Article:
The Industry finds ‘successful’ mix of take-out, patio and indoor dining

The Industry, above, uses a QR code to direct patrons to its digital menu, which includes cocktails. Daniel Sheehan photo

As phase two, part two of plans to reopen the state’s economy continued this week, Dorchester eateries continued to make more strides towards recovery while reimagining their dining experiences in light of an still-evolving “new normal.”

The Industry in Adams Village is the latest restaurant to take advantage of new city initiatives to make outdoor dining viable along its frontage. A new patio seating area created by reclaiming a sliver of Adams Street beside the restaurant has enough room for eight tables, said owner David Arrowsmith. He thanked City Councillor Frank Baker for assisting with getting the project green-lit.

Arrowsmith added he’s “positive” about the coming months, with dine-in eating expected to provide a boost to the robust take-out business that has evolved at the restaurant during the pandemic.

“I think you could say it’s been tremendously successful,” he said. “We’ve been very fortunate with to-go foods. We’ve had great support from the community and since we’ve reopened the to-go business has carried on. I think we had more to-go orders last night than sit-in patrons.”

The Industry has also seen a flurry of orders come in through delivery apps including Caviar, Doordash, and Uber Eats. Ordering at the restaurant is now touchless thanks to cards on each table with a QR code. Customers only need to scan the code with their phones to bring up the menu.

drink Industry REP 27-20.jpgCustomers at the Industry can order through a new touchless system.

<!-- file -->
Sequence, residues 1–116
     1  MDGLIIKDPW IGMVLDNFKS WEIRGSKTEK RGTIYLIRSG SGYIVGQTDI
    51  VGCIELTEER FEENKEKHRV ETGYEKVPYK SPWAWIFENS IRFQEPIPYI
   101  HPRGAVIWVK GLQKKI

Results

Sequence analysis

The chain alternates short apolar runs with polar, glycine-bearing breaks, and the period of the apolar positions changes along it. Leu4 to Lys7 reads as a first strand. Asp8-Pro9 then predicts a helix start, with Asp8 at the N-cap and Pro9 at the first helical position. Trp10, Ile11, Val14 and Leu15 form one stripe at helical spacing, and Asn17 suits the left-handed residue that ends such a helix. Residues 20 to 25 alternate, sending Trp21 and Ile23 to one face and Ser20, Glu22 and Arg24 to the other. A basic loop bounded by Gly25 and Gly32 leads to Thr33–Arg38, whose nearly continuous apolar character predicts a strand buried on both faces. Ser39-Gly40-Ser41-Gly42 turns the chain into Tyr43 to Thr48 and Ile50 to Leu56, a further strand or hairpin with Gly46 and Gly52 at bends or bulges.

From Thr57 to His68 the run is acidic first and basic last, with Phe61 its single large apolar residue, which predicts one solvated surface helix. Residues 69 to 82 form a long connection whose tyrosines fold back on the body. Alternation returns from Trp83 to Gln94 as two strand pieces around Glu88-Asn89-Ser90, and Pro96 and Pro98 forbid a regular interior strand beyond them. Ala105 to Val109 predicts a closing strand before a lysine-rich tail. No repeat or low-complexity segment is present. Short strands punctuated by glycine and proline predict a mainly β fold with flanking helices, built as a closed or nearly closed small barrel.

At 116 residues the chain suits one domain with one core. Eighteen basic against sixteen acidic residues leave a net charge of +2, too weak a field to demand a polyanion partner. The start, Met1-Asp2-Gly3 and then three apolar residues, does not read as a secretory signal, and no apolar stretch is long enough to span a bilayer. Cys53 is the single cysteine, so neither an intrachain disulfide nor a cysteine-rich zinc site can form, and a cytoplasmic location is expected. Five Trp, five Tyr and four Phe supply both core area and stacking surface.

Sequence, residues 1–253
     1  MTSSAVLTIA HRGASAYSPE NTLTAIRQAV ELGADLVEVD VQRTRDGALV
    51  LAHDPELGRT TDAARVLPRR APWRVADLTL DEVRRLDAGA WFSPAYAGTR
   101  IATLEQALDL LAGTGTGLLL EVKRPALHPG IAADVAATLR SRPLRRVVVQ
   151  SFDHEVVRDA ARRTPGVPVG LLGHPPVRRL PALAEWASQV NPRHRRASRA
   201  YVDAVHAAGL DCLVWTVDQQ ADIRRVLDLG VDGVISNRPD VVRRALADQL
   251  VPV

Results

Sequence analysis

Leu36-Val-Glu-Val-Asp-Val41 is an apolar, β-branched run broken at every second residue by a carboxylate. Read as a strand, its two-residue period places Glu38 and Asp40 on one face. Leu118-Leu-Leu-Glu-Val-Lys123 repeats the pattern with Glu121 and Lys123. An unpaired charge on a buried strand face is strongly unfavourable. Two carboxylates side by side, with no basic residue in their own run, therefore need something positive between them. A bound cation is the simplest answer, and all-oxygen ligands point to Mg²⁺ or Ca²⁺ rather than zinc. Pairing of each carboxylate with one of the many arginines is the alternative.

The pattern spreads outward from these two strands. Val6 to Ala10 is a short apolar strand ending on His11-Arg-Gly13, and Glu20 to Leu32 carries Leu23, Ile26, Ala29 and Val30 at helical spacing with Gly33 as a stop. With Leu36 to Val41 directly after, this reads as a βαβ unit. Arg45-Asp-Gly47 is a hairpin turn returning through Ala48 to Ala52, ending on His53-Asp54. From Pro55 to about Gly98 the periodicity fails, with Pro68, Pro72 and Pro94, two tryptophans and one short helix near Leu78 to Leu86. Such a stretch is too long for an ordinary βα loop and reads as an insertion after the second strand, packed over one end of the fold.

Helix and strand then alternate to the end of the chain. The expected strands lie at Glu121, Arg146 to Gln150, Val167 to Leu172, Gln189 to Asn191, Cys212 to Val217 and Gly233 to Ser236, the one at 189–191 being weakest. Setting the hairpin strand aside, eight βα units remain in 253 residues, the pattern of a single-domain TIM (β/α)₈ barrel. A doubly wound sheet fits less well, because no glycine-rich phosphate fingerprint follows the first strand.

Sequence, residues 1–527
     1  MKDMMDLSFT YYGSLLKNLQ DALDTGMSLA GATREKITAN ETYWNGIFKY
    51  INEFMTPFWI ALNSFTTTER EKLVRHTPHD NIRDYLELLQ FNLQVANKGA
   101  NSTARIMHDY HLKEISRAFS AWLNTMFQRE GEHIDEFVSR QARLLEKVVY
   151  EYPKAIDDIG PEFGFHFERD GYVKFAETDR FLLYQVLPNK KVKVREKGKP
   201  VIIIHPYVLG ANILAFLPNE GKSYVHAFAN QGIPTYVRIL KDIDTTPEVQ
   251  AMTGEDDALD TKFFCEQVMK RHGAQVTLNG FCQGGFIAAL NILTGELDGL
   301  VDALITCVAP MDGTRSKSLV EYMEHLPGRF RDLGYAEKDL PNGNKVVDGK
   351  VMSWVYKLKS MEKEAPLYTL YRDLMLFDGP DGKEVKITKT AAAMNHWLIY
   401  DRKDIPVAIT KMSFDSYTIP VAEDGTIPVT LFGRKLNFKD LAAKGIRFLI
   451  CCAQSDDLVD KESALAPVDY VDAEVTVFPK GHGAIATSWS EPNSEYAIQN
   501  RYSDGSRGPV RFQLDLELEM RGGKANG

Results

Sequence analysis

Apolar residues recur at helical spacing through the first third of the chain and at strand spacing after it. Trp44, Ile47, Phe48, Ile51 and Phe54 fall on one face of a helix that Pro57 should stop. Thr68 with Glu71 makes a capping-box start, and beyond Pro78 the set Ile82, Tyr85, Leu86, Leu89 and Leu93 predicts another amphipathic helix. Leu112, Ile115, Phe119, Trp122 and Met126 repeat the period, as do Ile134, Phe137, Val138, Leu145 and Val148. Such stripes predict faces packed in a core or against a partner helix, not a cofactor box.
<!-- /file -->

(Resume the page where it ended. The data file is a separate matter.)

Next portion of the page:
For now, patrons can reserve tables either inside or on the patio. Hours are 4-10 p.m. from Monday to Friday, per city guidelines, with brunch being served until 4 p.m. on the weekends. 

“It’s a different atmosphere,” admitted Arrowsmith, who anticipates the return to normalcy will be a gradual process.

“We’re just hoping this all passes swiftly,” he said. “It’s going to be a slow start, being at half capacity and all. But we’re looking forward to what the fall brings.”

At Dorset Hall in Neponset on Tuesday, a handful of customers were enjoying a rainy lunchtime indoors. Just outside the eatery, what used to be a car lot is now a blacktop packed with picnic tables— a change that has been well received by the community, said staff. 

In Lower Mills on Tuesday, The Ice Creamsmith announced “scooping is back!” as the shop reopened for full menu service at the door, which will be offered Tuesday through Sunday from 3-8 p.m. Customers will also still be able to place orders online for quick pick up of quarts, pints, and sundae fixings. The shop had moved to an online-only ordering system in recent months.